The financial crisis had an huge impact not only on the economic system of EU Member States, but also on their legal framework, even if this aspect of it is usually unnoticed. The labour law field is one of the sector that has been stricken the most by the legal changes required to boost the Eurozone economy. The clearest example is provided by the fact that three Member States (namely Greece, Ireland and Portugal) were required to sign Memoranda of Understanding to receive bail-outs. These austerity measures wanted by the Troika compelled the abovementioned countries to dismantle progressively guarantees in the fields of industrial relations and of protections of individual workers, as freezing collective agreement in the public sector (Greece) or introducing a minimum wage under the level of poverty (Portugal and Greece). Nevertheless, the Troika has managed to put some pressure also on countries that had not received any financial aid, even if it did it in an indirect way (1). The most evident case is the Italian one: the Monti Government approved an act (the so – called “Fornero Reform”, Act no 92/2012) striking at the roots of the pension system and the range of guarantees provided in case of unjustified dismissal. Unlike legislation in some other countries where it was founded in obvious breach of international parameters (2), the modifications introduced in the “Statute of Workers” (Act no 300/70) cannot be regarded as in direct breach of the European and international standards. Nevertheless, in my opinion the unlawfulness of the new rules on dismissal can be argued in the light of the Italian Constitution and, by that means, the indirect breach of the right to an effective remedy and not to be dismissed without justification can be proved.
The right to work: is compensation effective enough?
The new reform modifies the art. 18 of the “Statute of Workers” and limits the cases in which a worker can claim reinstatement for unjustified dismissal in large and medium undertakings. Before the reform, a worker could obtain reinstatement in case of dismissal without a “fair reason” (3) or without a “justified subjective (4) or objective reason” and compensation was available only on request of the worker. After the enforcement of the reform, the reinstatement has become compulsory only in case of discriminatory dismissal; otherwise, it is up to the judge to decide if, “whenever the fact attributed to the worker does not exist (art. 18, par. 4 St. Workers )”, reinstatement can be applied. In all other cases of unjustified dismissal, only compensation can be claimed.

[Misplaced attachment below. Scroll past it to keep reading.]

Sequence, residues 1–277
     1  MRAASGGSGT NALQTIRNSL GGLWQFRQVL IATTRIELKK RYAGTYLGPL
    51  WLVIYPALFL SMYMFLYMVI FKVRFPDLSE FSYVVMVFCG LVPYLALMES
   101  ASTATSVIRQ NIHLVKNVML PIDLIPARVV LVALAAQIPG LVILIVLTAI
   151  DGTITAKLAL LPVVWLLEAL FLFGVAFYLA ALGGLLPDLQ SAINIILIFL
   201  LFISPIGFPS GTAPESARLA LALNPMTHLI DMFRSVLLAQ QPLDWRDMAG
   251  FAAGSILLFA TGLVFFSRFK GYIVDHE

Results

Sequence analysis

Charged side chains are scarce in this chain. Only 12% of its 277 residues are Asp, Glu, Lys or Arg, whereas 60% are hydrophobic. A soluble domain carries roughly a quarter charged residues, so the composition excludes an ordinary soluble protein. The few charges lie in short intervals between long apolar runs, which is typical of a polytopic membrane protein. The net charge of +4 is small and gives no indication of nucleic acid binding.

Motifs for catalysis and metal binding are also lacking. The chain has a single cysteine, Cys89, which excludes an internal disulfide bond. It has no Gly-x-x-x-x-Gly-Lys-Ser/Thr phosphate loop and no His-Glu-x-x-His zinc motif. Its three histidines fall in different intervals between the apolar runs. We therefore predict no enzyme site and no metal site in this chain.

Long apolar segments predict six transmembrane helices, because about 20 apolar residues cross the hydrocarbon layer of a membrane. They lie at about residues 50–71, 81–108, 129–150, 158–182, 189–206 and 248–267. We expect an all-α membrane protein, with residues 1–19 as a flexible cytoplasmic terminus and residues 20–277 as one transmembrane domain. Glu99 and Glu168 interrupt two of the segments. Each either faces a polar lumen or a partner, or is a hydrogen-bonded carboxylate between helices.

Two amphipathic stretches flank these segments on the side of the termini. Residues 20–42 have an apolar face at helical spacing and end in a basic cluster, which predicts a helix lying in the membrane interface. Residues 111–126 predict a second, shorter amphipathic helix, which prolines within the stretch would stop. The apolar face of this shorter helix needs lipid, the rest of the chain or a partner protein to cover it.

As it is known, no international or European instrument protects the right of workers to be reinstated: art. 30 of the EU Charter of Fundamental Rights and art. 24 of the Revised European Social Charter provide respectively protection in case of unjustified dismissal and in case of termination of employment contract; the ILO Convention no 158 on Termination of Employment and the ILO Recommendation no 166 grant only a general protection in case of dismissal, but they do not mention the remedy of reinstatement as the favourable one to adopt. Theoretically the remedy of compensation is effective as much as the remedy of reinstatement ; according to some scholars (5) a too high-level protection in case of unjustified dismissal also blocks the turnover in the labour market. Nevertheless, it is easy to see that in such a period of crisis, job loss carries so numerous bad consequences that cannot be compensated only by repayment: the uncertainty about finding a new job opportunity, the loss of a regular income, the impossibility to develop their own skills and abilities during the period of unemployment. This can be, in my opinion, the cornerstone of the argument of the breach of right to an effective remedy as recognised in art. 47 of the EU Charter of Fundamental Rights.
To assess whether a general right to be reinstated is provided in the Italian legal system, we must first analyse the articles of the Italian Constitution. No part of it provides for a general right to be reinstated, nor the Constitutional Court has ever ruled out an interpretation of “social rights” endorsing such a point of view (6). Nevertheless, the combined reading of the constitutional provisions with the interpretation of general private law principles shows how the breach of the right to an effective remedy occurs after the enforcement of the new legislation.